Infertile motherhood

Shirley Shalev, Dafna Lemish

Research output: Contribution to journalArticlepeer-review

8 Scopus citations


This study explores the socio-cultural arena following legalization of surrogate motherhood in Israel by analyzing Israel's most popular television series: A Touch of Happiness. The qualitative analysis presented here reveals a constant tension between women's reproductive and sexual bodies. This analysis demonstrates how social institutions of marriage, divorce, and motherhood are serving as instruments that reward fertile and punish infertile women. Advances in medical technology and modern surrogacy enable the infertile female to achieve motherhood even though her body remains infertile. Thus, paradoxically, if a woman selects to avail herself of these medical advances, she becomes an infertile mother. Viewed more broadly, the implications of such hybrid conceptions pose a threat to the patriarchal order, and therefore it was negated in this television series by a rich array of narrative and rhetorical devices. Derived by deeply rooted cultural-religious beliefs, the ideological stance applied in the series de-legitimizes female infertility and non-biological motherhood achieved through surrogacy. In doing so, it perpetuates notions of the inferiority of both types of women in the social order and cultivates the perception of biological determinism as a primary measure in determining all women's destinies, solely by the state of their wombs.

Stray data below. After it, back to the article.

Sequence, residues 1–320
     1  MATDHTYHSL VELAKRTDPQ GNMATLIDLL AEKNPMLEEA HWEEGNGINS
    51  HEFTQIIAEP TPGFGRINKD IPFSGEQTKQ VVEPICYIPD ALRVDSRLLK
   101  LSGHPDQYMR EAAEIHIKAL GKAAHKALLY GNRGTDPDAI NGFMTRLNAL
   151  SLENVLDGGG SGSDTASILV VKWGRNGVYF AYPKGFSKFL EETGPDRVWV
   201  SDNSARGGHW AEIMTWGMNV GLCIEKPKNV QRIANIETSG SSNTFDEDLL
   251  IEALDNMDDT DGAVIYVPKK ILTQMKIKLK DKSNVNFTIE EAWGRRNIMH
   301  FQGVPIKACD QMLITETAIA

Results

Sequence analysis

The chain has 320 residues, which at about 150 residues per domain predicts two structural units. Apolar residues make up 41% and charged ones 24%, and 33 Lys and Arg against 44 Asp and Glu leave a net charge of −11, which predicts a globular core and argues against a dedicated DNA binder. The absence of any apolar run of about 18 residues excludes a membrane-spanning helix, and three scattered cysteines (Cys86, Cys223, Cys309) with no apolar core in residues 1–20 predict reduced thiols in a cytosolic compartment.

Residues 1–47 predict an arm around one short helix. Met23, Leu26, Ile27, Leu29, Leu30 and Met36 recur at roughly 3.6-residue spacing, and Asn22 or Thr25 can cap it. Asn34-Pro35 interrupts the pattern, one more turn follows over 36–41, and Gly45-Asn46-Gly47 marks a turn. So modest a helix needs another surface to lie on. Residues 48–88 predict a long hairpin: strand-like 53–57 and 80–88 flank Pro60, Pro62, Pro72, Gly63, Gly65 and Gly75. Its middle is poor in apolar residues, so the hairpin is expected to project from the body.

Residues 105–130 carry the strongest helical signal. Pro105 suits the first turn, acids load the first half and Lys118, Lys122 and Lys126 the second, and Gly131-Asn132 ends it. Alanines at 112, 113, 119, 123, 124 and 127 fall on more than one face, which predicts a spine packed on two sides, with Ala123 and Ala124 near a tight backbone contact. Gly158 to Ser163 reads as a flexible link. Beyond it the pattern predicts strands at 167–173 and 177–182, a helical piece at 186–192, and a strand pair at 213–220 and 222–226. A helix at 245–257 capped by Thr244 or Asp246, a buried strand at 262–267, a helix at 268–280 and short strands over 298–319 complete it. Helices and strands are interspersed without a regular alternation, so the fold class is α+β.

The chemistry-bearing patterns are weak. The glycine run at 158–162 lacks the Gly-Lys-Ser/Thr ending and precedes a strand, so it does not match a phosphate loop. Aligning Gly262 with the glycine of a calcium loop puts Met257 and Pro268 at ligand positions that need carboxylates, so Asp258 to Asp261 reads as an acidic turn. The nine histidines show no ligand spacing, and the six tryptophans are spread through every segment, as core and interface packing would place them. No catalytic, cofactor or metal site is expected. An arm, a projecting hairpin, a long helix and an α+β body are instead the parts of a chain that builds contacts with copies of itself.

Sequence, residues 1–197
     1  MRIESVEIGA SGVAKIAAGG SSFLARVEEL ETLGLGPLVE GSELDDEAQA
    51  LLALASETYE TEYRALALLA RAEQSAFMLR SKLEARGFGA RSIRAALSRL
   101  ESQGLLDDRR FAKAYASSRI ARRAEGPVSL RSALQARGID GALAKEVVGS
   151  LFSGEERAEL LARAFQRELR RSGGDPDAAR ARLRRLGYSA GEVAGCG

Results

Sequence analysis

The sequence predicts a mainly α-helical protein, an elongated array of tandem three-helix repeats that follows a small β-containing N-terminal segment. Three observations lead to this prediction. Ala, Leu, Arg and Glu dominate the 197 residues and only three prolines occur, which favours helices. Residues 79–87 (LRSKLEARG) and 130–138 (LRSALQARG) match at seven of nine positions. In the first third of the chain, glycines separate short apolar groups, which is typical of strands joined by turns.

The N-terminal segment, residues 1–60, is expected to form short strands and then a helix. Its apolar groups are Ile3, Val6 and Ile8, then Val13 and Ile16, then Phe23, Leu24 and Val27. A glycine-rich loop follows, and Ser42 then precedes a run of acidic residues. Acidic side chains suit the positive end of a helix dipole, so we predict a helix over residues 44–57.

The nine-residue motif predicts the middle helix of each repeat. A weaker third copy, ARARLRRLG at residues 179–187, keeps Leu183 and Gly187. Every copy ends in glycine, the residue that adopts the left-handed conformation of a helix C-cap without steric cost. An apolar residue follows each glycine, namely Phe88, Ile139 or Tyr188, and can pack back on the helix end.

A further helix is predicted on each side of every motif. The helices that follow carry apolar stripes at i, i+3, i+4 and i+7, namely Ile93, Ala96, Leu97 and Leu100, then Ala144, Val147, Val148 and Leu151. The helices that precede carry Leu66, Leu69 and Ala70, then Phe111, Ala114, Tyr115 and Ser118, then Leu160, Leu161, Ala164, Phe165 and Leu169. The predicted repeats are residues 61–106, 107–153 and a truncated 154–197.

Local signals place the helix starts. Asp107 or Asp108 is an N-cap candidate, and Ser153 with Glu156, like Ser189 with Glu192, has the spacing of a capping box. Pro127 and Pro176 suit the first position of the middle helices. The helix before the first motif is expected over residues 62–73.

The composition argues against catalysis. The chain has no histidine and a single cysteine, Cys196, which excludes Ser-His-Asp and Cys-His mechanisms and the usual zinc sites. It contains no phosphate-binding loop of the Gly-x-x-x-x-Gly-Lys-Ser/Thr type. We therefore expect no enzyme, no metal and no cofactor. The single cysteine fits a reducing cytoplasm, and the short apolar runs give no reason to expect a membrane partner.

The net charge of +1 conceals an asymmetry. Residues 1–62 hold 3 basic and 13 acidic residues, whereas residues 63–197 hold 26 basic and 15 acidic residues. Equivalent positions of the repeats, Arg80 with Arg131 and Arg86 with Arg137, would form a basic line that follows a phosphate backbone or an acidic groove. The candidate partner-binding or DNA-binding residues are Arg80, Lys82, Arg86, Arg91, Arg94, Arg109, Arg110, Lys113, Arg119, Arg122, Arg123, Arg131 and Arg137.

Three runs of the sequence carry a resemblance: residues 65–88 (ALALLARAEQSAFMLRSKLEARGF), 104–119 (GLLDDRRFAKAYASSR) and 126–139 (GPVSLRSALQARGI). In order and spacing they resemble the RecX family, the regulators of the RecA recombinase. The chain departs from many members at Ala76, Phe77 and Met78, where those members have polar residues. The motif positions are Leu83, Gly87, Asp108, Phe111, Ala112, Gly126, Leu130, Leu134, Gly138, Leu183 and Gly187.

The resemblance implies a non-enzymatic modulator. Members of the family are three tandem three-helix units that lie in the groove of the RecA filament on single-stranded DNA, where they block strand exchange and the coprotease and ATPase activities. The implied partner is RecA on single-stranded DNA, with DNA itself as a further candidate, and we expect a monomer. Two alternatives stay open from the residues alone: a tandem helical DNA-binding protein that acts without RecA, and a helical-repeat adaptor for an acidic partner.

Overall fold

Original languageEnglish (US)
Pages (from-to)321-336
Number of pages16
JournalFeminist Media Studies
Issue number2
StatePublished - May 1 2013
Externally publishedYes

All Science Journal Classification (ASJC) codes

  • Gender Studies
  • Communication
  • Visual Arts and Performing Arts


  • fertility
  • Israel
  • motherhood
  • reproduction
  • surrogacy
  • television


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